Written by Chris W. Mitchell and Miguel Tejada-Flores
Directed by Richard Raaphorst
I don’t like to insert myself into these reviews, but at this point it’s important that you know something about me: I have a strong stomach, movie-wise. I didn’t even flinch the first time I saw the birthing scene in Alien. I chuckled my way through the original Evil Dead films and laughed at the cannibalistic climax of Ridley Scott’s Hannibal. I say this not to brag, but to lend some weight to the following statement: Richard Raaphorst’s film Frankenstein’s Army is by far the most disgusting film I’ve ever seen.
This is a found-footage horror film, where a filmmaker has been embedded with a Russian Army unit near the end of World War II (Was hand-held camera technology actually this advanced in 1945? Better not to ask such questions). At first the soldiers are finding skeletons which appear to be half man and half machine, and before long the Nazis’ newest undead weapon has been unleashed upon them.
Frankenstein’s Army just isn’t very efficient as visual storytelling. This story would probably be more frightening if it wasn’t found footage, but was instead shot like a straightforward action/horror film such as Aliens. The found footage allows for a number of lazy, artificial tricks to be employed, such as the “cameraman turns around and a monster is suddenly there!” gimmick, which shouldn’t work since these monsters are lumbering metal beasts that couldn’t sneak up on a coma patient.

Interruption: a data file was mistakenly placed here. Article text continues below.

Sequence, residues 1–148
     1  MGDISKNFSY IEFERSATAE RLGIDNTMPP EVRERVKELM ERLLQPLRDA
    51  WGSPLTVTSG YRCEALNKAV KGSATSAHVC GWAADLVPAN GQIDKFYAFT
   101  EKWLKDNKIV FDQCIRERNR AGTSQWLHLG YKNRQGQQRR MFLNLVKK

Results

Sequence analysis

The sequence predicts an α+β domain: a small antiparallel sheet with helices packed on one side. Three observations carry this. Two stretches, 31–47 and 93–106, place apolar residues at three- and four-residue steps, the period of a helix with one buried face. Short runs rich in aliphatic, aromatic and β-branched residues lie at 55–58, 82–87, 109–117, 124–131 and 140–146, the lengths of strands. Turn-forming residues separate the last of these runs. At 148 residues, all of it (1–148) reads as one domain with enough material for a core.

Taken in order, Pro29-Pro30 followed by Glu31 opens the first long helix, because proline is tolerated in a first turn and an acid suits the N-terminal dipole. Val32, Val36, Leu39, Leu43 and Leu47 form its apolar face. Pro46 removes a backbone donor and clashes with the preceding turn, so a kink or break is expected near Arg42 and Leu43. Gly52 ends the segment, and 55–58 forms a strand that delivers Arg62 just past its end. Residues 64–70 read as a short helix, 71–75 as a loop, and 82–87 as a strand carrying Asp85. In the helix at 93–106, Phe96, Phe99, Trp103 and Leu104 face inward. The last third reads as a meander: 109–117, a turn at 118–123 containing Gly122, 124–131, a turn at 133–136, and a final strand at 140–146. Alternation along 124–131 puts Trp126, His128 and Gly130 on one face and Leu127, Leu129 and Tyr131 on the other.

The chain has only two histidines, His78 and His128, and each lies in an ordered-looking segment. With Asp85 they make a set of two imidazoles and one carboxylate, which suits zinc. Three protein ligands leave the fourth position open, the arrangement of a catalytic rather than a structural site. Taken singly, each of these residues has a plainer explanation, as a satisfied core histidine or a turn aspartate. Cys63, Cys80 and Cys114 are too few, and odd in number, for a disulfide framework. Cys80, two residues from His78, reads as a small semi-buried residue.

The film also suffers from a lack of sympathetic characters. There’s an obligatory moment where one of the soldiers shows a picture of the love of his life, but nothing about that moment is worth remembering even five minutes afterward. In fact the filmmakers don’t seem to want the protagonists to be rooted for – early on the soldiers are seen pillaging a village, with the robbing of its livestock and the rape of its women implied. This is a poor decision: just because the enemies are steampunk cyborgs stitched together from dead corpses does not mean that audiences will automatically care about the heroes.
However, none of that is the selling point for this film. The selling point is gore so extreme that it’s nearly absurd; one has to laugh to keep from vomiting. Raaphorst starts off the slaughter with a man graphically disemboweled by one of the beasts, and seems to find each new monster attack an opportunity to one-up himself in terms of splatter. The issue isn’t even violence – the budget here isn’t big enough to stage a large amount of squibs and/or CGI blood spray – as much as the after-effects of that violence: bodies horribly mangled and yet somehow still alive. The conclusion, in which the intrepid cameraman finds his way into the very heart of the experiments, involves body horror so revolting that one should not expect to eat for the remainder of the day. The only real horror delivered by this picture is the anticipation of seeing something so vile that it may cause your last meal to come up.
Using the name Frankenstein allows the film to aspire to greater messages about mad science. The idea that the communists are really not much better than the Nazis is returned to again and again, since both would tamper with these unspeakable sciences if they could. However, the original intentions of the Frankenstein story – a scientist driven to create life, only to find that life impossible to control – are not present here. This mad scientist and these monsters seem birthed from a hacky 1950s B-picture more than Shelley’s text, then shrouded in a level of gore more extreme than any film made in my lifetime.